So This is Milan

It’s said that the Fascist Mussolini made the post-war trains run on time in Italy (not true) but they don’t run on time now. Our train to Milan was quite late, but the trip itself was pleasant. We were seated with two women (mother and daughter) who spoke English fluently so we felt quite at home. The mother, Dawn, is about our age and originally from Long Island, New York but moved to Florence to get her Masters Degree and stayed. Her daughter was born in Italy and lives in Rome. We talked about American politics, music, art, education and our children. Dawn is recently widowed and has turned her home outside Florence into an Airbnb and if she sends us a link to her site, I’ll share it.

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The Last Supper

Milan is not like Florence where you can walk to almost everything, so we were often lost. We did manage to find the Metro and get to the Basilica di Santa Maria delle Grazie where we got a tour including Leonardo Da Vinci’s Last Supper. This is an image we all grew up with, and seeing the original was especially satisfying.

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Basilica di Santa Maria delle Grazie

You can’t just walk in and look at it, you have to have reservations or be with a group. The room is entered and exited through rooms that serve as air locks, and each group is allowed only 15 minutes of viewing time. Our tour guide explained that Leonardo did not like to use the fresco technique of painting on wet plaster because it dries quickly and once dried cannot be changed. He liked to work slowly so he used tempera paint over the plaster, and over the years the humidity and other factors have done a lot of damage. It’s still impressive and much bigger than I expected.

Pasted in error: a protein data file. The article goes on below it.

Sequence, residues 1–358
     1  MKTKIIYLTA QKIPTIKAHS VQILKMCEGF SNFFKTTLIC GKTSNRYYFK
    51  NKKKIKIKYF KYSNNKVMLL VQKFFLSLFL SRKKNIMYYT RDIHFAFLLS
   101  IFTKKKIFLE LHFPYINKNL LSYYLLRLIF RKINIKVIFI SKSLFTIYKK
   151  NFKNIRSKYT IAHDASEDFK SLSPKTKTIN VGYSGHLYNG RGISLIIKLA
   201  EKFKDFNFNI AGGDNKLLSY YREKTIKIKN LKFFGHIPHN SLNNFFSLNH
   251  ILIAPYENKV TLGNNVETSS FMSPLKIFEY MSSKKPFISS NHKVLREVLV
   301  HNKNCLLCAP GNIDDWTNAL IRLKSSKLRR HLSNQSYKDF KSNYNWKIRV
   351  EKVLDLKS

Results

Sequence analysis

Our tour continued on to the Church of San Maurizio al Monastero Maggiore where the walls and ceilings are covered with Renaissance frescos. It’s often referred to as the Sistine Chapel of Milan. The church is divided by a wall forming a separate nuns’ hall where there’s a huge organ built in 1554. From the church we went to the Sforza Castle, a large citadel that was impressive and extremely crowded. There are several museums there that we could have visited, but it was getting late and we had to get some dinner and  make our way to the Piazza del Duomo.

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La Scala

The Piazza del Duomo in the heart of the city is a happening place. There were tour groups, street performers, and a group of people marching for animal rights (we first saw them at the Sforza Castle). Our destination was the renown opera house La Scala because we had tickets for the last performance of their 2016-17 season, Verdi’s Nabucco. We got our tickets online in August, and the only ones left had a limited view of the stage and weren’t together, but we jumped at the chance to see an opera in the most famous hall in the world. Our seats were in separate boxes, and it was hard to see, but it was still La Scala!